How Do You Talk To Someone About Substance Use & Overdose Prevention?

February 26, 2018. Article by: Fraser Health Authority

You can be an important connection in the life of someone who is using substances. Starting the conversation may not be easy. It may be tough to find the right words to say to your loved one. But, talking together can lead to effective overdose prevention.

It may take many talks. Things may be said that hurt or are hard to hear. It may not go the way you want. But, an open, honest and caring conversation about substance use is a crucial first step. It is also a step that you can take together.

The information contained here is a general guide to help with how to start a conversation. But it's important to remember, each situation is unique. There are many individual circumstances that influence difficult problems associated with drug use.  This information is not intended to take the place of professional medical care. If you, or someone you know, needs help or support, connect with your family doctor or dial 8-1-1  (a free telephone resource that provides 24/7 non-emergency advice and support).  

How To Prepare Yourself For A Conversation

Remember the three C’s of conversation:

  • Connect to the present - Focus on your five senses to bring yourself into the present: “What do I see, hear, smell, feel, taste?”
  • Connect to your body - Take a few deep breaths, feel your toes and balls of feet on the ground, touch your hands together. It will help you keep calm and manage your tone
  • Connect to the individual -  Visualize how you want to look and sound before starting to talk


When Is The Best Time To Have A Talk?

Choose a time when the person is free from distraction and isn’t feeling tired or rushed. Make sure the person has eaten and is hydrated, as hunger and thirst can often affect mood. Avoid starting the conversation when you are feeling upset, angry or other strong emotions.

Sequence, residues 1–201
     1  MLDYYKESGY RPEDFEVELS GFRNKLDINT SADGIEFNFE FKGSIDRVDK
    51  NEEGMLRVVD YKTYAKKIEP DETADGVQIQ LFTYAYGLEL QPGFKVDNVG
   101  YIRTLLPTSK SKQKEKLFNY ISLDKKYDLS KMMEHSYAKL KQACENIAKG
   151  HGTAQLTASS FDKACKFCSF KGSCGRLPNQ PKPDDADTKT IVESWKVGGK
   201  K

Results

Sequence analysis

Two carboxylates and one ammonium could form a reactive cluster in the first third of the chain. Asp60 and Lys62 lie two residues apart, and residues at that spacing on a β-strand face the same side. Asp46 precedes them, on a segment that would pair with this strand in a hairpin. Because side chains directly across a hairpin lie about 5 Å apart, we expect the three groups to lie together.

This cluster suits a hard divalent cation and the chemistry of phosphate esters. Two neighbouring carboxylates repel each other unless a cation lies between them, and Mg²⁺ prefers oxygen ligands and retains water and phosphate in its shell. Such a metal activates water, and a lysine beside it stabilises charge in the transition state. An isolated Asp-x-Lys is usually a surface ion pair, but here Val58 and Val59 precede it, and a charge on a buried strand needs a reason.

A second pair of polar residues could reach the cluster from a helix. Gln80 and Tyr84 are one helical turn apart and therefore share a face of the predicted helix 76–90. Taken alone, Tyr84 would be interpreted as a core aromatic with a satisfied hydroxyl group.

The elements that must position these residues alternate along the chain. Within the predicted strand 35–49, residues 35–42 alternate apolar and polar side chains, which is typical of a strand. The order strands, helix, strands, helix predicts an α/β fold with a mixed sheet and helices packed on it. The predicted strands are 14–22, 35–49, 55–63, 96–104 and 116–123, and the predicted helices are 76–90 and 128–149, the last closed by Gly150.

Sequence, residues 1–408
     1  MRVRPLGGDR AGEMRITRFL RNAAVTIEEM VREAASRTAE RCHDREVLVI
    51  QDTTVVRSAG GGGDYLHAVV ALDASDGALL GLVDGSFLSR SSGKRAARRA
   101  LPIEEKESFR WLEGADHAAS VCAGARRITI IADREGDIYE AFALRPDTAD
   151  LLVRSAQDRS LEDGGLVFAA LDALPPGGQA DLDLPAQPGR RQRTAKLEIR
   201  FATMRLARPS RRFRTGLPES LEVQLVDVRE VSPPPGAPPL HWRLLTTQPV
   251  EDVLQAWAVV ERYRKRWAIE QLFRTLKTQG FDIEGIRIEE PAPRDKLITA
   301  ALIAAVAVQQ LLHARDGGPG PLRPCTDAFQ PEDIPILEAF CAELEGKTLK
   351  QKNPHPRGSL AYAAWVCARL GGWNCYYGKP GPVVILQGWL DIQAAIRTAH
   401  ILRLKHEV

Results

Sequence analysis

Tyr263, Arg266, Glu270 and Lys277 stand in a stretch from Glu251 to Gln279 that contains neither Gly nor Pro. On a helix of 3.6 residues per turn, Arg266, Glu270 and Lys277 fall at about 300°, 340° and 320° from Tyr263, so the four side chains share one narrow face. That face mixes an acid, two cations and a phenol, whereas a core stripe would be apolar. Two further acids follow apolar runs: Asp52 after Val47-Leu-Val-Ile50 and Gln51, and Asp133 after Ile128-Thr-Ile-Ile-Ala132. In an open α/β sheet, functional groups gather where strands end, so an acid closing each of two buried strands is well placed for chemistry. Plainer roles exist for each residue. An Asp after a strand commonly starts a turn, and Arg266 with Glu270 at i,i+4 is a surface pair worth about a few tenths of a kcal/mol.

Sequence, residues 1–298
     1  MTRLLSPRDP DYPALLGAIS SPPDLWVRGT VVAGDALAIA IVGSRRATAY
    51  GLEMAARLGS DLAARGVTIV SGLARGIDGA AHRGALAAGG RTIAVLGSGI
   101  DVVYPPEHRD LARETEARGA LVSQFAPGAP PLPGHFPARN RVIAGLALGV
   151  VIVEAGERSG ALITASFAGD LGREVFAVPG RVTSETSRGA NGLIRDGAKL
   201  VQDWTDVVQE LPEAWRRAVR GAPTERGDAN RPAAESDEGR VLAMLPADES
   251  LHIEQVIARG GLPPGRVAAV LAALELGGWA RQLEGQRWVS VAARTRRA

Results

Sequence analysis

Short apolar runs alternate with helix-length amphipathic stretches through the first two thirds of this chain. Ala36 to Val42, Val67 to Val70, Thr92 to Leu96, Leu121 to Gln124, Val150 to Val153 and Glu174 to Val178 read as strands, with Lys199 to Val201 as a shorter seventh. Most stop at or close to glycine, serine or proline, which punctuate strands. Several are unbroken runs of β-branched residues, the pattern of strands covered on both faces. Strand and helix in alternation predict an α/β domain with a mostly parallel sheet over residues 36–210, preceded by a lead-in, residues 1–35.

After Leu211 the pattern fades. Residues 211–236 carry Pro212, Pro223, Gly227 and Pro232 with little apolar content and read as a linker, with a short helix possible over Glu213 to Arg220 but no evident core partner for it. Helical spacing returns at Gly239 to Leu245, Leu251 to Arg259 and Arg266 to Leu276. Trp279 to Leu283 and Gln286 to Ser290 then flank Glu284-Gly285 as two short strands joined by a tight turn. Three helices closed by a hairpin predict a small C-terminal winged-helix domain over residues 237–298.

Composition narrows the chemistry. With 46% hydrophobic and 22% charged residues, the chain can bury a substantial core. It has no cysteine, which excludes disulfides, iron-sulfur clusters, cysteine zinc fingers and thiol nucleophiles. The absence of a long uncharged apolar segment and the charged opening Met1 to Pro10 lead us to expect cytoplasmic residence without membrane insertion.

Where Is The Best Place To Have A Talk?

Choose a place that feels comfortable for the person. Switch off your phone so you won’t be interrupted. Sitting beside or at an angle to the person is sometimes better than sitting directly in front of the person, as it is less confrontational. Some people may find it’s easier to engage in conversation when they are moving and engaging in activity. It can help to go for a walk to talk things over.

How To Start The Conversation

Invite the person to talk.  You might ask:

  • “Is it o.k. if I talk to you about something important?” 

Set aside your fear/worry and focus on speaking from your heart that you care about this person (otherwise they might interpret your concern as nagging or lecturing).

You could say:

  • “I want you to know that I care deeply about you and that I’m here no matter what. I see that you’re struggling with something. Please help me understand what’s happening.” 

Listen without judgement or blame. It will shut the conversation down. Work together to create a shared understanding of the risks of using illicit drugs. Ask what else might help.

Tips To Help Keep You Calm & Focused

Notice if any negative thoughts come into your mind, and find a way to put them away in a mentally safe place. Writing them down and sealing them away in an envelope beforehand can help.

Keep your posture relaxed and your tone of voice calm.  Take three seconds and one deep breath before responding to any words that trigger you.